What Is the Abstract in APA Format?

Updated July 19, 2017

American Psychological Association (APA) style is a format for documents written within the discipline of social sciences, but it may be utilized in any area that doesn't require a specific style. The style governs all aspects of the document's layout, specifying the manner in which citations are made, reference page organization and formatting, and many other features of the document. One characteristic of the APA style is the abstract, which is a summary of the contents of the document.

Abstract

Describing the abstract as a summary is accurate, but is also an understatement. Generally, an abstract contains the thesis of research conducted, the methods through which the thesis was tested, the findings of the research, and any final thoughts. An abstract should be as succinct as possible, and readers should not have difficulty comprehending the purpose of the research.

APA Style

According to the APA, abstract length is limited to 120 words. Abstracts longer than 120 words may be truncated when included in databases, limiting searchability. The information included in an abstract depends on the type of paper. A report of an empirical study should contain a statement of the problem, subjects, method, findings and conclusion.

Reviews and theoretical articles require the topic, purpose, sources and conclusions. Methodological paper abstracts describe the method, features of the method, range of application of the method and behavior of the method. Case study abstracts contain the subject of the case study and characteristics of the individual or organization presented, explanation of the problem exposed by the case study and its solution, if applicable, and questions raised for additional research.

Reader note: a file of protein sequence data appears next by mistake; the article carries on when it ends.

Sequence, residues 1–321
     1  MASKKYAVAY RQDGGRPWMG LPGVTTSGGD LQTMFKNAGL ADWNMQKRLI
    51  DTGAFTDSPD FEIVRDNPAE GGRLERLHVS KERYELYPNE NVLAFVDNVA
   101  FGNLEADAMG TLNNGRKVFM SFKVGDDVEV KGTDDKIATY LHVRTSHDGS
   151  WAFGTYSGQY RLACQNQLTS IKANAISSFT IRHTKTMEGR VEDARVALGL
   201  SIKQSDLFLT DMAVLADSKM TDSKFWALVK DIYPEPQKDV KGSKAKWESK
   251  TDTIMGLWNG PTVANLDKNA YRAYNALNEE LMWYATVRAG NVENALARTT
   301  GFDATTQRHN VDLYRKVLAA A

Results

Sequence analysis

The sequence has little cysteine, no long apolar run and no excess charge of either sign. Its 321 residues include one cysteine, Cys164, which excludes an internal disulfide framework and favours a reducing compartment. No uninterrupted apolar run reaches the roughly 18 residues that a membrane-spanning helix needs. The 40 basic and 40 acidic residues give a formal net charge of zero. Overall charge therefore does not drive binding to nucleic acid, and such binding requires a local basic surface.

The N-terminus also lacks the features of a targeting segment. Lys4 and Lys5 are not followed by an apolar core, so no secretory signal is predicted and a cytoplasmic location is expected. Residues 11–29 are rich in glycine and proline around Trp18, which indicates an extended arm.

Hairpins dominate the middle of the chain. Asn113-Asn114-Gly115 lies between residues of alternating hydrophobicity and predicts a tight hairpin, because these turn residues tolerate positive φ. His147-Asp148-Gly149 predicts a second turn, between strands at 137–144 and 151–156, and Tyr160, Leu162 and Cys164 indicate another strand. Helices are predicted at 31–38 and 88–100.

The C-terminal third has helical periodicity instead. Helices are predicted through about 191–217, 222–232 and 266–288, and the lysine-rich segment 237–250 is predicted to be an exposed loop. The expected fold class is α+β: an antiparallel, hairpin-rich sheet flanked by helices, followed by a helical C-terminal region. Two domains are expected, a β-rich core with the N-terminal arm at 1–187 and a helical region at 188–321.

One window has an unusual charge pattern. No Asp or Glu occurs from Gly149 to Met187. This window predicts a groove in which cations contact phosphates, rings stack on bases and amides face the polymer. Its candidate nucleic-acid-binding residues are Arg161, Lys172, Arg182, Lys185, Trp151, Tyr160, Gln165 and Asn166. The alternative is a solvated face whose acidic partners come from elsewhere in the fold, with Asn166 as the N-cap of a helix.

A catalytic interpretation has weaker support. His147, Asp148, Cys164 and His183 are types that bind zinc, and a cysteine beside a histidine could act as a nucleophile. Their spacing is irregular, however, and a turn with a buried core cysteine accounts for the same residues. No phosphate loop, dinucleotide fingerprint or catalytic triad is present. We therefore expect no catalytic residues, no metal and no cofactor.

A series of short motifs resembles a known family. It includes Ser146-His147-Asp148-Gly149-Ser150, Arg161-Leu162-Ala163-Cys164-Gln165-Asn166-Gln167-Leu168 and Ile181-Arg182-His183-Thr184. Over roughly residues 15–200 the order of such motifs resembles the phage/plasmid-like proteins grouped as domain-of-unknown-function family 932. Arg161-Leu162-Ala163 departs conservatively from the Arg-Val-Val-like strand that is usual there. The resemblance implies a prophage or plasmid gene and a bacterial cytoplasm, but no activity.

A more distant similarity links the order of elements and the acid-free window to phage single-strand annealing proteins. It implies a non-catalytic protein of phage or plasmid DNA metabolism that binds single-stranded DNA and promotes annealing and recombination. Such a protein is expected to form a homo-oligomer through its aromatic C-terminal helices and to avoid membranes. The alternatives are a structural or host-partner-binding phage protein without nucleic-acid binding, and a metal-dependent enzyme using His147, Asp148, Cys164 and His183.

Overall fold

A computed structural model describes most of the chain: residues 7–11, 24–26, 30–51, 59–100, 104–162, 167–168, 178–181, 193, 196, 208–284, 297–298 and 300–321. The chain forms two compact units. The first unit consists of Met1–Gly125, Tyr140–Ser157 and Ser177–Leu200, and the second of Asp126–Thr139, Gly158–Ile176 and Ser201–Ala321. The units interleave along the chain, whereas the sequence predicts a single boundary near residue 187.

Format

The abstract is on the second page of the document, following the title page. The word “Abstract” is centered on the first line with no quotation marks or additional formatting, and the abstract follows on the next line. The abstract is formatted as a single block of plain text, double-spaced and without indents. The abstract should not contain any information that is not written in the paper and should not be a critique or evaluation of the research, findings or methods.

Every word counts in an abstract; all numbers should be written as digits, unless they begin sentences. Abbreviations should be used whenever possible but should be defined on their first use. Abstracts should be written in active voice with no personal pronouns. Past tense should be used to describe tests and variables; present tense should be used to describe findings, conclusions and current applications.

Evaluation

Abstracts save researchers a lot of reading. Without an abstract, researchers would need to parse entire documents to determine the contents. An effective abstract names authors, contains the definitions of any unique terms, as well as abbreviations that are not units of measurement, dates of publication in citations, and the definitions of any acronyms. An abstract should be considered self-sufficient outside the context of the paper. An abstract should leave no questions about the contents of paper it represents.

Considerations

In-text citations should include authors' names and year of publication and should be fully cited on the references list. Avoid using quotations in the abstract to conserve space. If possible, paraphrase anything that must be included.

The rules governing the APA style change regularly; it is important to consult the latest edition of the APA style guide prior to writing a paper for publication or academic purposes. Incorrectly formatted papers may be rejected by publishers or instructors.

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About the Author

Mike Arneson is an adjunct professor of English. He's been a professional writer since 2003 and was chief editor of his English department's student literary magazine, "Notations." His other online publications include procedurals for various websites. He has a Bachelor of Science in professional writing and a Master of Arts in TESOL.